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Our artist made super high poly models and our designer decided to put a ton of them on screen at once. So I'm kind of stuck in the middle of two team members here and neither will budge but it is the others' fault. I think what is my best option after having read your guys' suggestions and consulting some other people is to bake as many static lights as I can into the scene (by I, I mean my artist) and then really figure out which dynamic lights are the most important. The suggestion MJP put out is something I had been thinking of where basically since it is entirely possible that there may only be two to three lights visible at any given moment while some five or six in the scene in total, I can basically cull to determine which lights currently need to be displayed. I then let those lights pass their parameters into my shaders and all will be good. Only problem here is that it's possible for lights to pop in and out as they're going to span a bit on the field so fading in and out like again MJP suggested might solve that problem.

Thanks for all the responses they're all super helpful. If you guys have any more suggestions about my plans I'd love to hear them.

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[quote name='bluntman' timestamp='1307551633' post='4820974']This is a long shot, but about a low resolution light pre-pass? Render scene depth to a low res target (256x256?), render lights as you would in a deferred light pass, but simply accumulating light, not material response, then use light texture as input to your main render, UVs in screen space. Hopefully you can reconstruct frag position and accumulate light in 64 instructions?
[/quote]

It sounds like you want him to use a lower resolution light buffer than the G buffer. For this you need inferred rendering (which would also provide him with some flexibility in the way of transparency).

However, with a 2 week timeline, there's now way he'll be able to provide a complete solution in time, using that method


(Also scene depth in a deferred setup would not go into a square buffer unless your final output was also square, btw.)

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This might not be the best method, but should be very doable in a few minutes. Note that lighting won't be 100% correct in some/most cases... you [i][b]might[/b] [/i]get away just fine though.
Basically you calculate your light direction vectors in the vertexshader (like you normally do), but instead of using multiple texcoords for multiple lights, you store all data in one texcoord.

Behold the mighty hybrid per pixel lighting code (...not):

Vertexshader:
[code]
// "hybrid" per pixel lighting
for (int i=0; i<NUM_LIGHTS; i++)
{
float3 Ln;
half att;
Ln = (vecLightPos[i].xyz - worldPos.xyz);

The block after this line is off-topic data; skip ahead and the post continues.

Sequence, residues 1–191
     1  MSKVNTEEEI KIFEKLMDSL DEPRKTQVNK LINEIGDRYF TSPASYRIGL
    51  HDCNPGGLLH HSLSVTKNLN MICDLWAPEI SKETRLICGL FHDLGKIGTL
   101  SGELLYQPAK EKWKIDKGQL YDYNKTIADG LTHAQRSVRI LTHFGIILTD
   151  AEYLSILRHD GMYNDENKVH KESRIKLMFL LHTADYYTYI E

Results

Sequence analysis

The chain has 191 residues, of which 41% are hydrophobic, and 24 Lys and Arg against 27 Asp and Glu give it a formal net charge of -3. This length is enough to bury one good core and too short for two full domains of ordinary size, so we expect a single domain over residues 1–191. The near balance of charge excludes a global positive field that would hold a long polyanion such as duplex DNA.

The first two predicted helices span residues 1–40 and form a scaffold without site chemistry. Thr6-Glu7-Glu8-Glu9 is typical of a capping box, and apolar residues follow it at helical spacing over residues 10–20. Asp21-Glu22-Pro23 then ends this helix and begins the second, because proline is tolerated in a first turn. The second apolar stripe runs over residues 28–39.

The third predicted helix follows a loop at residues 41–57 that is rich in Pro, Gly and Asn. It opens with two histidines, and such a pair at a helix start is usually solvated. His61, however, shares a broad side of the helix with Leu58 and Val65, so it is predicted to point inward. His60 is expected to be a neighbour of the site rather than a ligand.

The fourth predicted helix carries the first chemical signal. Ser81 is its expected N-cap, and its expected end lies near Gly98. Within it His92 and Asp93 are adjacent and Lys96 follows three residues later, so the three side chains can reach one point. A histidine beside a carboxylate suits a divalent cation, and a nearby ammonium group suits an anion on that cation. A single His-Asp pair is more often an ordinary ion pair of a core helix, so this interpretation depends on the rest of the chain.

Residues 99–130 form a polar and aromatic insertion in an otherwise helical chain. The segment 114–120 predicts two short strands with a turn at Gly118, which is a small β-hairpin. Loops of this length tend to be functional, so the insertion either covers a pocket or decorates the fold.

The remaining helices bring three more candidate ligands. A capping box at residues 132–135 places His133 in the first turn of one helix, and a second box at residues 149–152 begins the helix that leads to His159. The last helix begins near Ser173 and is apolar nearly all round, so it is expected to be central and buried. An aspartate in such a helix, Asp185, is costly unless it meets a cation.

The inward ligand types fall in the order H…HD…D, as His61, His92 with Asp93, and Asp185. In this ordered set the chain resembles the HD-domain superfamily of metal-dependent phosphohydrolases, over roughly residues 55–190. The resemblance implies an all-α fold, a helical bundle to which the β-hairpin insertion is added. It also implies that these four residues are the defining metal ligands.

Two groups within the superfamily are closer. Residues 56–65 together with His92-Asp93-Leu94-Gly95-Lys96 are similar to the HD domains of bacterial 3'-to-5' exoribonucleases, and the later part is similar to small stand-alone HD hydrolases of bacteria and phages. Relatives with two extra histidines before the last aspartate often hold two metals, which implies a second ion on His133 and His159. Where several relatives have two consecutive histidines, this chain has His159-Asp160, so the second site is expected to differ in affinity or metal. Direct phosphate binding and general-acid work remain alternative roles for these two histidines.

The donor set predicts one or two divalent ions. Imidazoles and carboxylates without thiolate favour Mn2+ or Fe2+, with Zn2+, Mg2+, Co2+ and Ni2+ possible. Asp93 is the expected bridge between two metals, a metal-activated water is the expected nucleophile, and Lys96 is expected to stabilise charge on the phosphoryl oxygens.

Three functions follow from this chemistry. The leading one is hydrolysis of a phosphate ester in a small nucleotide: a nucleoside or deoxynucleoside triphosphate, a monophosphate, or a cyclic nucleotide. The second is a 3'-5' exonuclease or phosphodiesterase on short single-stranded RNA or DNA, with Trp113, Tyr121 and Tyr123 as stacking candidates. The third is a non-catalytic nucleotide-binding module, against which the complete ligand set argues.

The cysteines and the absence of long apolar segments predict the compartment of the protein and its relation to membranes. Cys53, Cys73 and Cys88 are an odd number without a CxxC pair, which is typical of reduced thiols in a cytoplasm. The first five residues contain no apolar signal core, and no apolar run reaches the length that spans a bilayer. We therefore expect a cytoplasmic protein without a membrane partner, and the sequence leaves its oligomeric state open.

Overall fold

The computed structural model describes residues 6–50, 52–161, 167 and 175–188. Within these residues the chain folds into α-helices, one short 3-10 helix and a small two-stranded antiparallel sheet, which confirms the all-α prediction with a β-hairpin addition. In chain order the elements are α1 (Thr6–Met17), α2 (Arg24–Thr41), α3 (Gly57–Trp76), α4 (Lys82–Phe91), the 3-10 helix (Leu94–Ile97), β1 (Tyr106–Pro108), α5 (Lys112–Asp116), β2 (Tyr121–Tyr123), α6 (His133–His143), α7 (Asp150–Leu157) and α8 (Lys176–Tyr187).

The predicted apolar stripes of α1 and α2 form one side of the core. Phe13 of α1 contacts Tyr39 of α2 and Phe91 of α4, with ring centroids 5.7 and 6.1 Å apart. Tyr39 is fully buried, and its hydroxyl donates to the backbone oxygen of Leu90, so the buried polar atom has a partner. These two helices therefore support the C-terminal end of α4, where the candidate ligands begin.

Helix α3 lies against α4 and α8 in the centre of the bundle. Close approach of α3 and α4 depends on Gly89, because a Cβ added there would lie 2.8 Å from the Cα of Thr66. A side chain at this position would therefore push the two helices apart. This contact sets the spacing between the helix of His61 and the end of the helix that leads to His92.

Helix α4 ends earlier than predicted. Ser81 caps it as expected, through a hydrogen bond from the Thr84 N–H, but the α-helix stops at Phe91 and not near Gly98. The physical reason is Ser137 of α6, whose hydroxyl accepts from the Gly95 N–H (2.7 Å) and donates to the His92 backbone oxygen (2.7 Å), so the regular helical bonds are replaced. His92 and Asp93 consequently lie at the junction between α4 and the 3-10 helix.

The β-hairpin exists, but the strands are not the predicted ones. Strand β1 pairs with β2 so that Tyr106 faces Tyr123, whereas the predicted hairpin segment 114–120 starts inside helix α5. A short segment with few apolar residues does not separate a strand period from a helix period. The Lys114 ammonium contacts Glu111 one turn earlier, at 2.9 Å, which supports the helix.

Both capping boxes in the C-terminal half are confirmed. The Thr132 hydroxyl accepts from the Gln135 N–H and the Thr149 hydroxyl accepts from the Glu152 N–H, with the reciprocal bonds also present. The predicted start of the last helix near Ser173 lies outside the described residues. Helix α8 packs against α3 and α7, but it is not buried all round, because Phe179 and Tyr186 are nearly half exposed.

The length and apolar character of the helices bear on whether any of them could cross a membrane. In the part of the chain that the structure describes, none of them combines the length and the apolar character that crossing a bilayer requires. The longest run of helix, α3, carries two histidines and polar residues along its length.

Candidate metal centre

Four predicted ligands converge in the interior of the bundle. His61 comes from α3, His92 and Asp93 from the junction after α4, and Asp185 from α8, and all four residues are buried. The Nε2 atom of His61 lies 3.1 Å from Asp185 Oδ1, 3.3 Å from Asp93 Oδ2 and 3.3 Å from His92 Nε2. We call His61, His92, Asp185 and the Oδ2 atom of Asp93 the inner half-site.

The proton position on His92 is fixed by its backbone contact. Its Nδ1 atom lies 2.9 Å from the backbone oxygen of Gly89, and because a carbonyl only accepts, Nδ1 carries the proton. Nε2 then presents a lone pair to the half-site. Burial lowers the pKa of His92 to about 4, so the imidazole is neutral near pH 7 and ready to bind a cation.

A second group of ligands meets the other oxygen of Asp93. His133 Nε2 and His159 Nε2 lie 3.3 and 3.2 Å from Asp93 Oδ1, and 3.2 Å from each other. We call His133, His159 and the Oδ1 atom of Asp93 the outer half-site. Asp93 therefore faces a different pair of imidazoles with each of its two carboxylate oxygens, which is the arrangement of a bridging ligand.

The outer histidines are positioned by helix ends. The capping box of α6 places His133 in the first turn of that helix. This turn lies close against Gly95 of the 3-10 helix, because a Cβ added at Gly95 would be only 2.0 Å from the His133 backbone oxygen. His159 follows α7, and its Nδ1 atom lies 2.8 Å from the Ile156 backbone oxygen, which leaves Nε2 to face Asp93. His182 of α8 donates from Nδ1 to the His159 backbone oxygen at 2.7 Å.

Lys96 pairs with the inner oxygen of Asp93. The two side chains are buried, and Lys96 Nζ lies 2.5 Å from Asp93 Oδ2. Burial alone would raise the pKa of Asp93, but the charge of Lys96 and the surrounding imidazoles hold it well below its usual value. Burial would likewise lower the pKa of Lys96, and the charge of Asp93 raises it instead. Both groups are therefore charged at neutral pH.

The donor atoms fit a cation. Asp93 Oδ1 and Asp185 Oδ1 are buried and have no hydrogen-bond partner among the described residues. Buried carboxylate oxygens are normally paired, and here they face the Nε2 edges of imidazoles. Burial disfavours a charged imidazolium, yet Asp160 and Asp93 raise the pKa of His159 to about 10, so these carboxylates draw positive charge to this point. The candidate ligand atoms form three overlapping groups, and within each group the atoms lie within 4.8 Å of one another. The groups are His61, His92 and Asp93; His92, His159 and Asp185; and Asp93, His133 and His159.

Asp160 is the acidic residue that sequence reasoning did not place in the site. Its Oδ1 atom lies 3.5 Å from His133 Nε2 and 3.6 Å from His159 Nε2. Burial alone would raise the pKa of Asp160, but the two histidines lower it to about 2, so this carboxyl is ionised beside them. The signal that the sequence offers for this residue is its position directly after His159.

att = (1-saturate(length(Ln)/(vecLightPos[i].w))); //simple attenuation
Out.lightDir.xyz += normalize(Ln)*att;

Out.lightColor.xyz += ((vecLightColor[i].xyz)*att);
Out.lightColor.w += att;
}

Out.viewDir.xyz = (vecViewPos - worldPos);
[/code]

Pixelshader (just the standard lighting stuff) :
[code]
half3 Hn = normalize(In.viewDir.xyz + In.lightDir);
half2 lighting = saturate( lit( dot(In.lightDir.xyz*1.2, In.normal.xyz) , dot(Hn.xyz, In.normal.xyz) , specPower ) ).yz;

half3 result = (lighting.x * In.lightColor.xyz) + (lighting.y * pow(In.lightColor.a,1.2) * lighting.x);
[/code]

Haven't used this in a while since i'm using inferred lighting now, but it did a pretty good job back then, especially when combined with more expensive techniques like POM or SSS.
I can't stress enough though, that this is very hacky and plain wrong from a mathematical point... but at the end of the shader-day it's the (faked) results that count and not correct math :wink:

Hope this helps :)

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[quote name='Olhovsky' timestamp='1307583071' post='4821159']
It sounds like you want him to use a lower resolution light buffer than the G buffer. For this you need inferred rendering (which would also provide him with some flexibility in the way of transparency).

However, with a 2 week timeline, there's now way he'll be able to provide a complete solution in time, using that method


(Also scene depth in a deferred setup would not go into a square buffer unless your final output was also square, btw.)
[/quote]


From what I understand there is no G buffer, this game has a forward rendering system. What I am saying is do a light pre-pass but at lower resolution that final render:
[url="http://diaryofagraphicsprogrammer.blogspot.com/2008/03/light-pre-pass-renderer.html"]http://diaryofagraphicsprogrammer.blogspot.com/2008/03/light-pre-pass-renderer.html[/url]
Basically as described there but simplified as needed (only render light diffuse coefficient into lighting properties, don't store normal ...).
When applied to the final render it might make the lighting at discontinuities a bit fuzzy, but might be acceptable.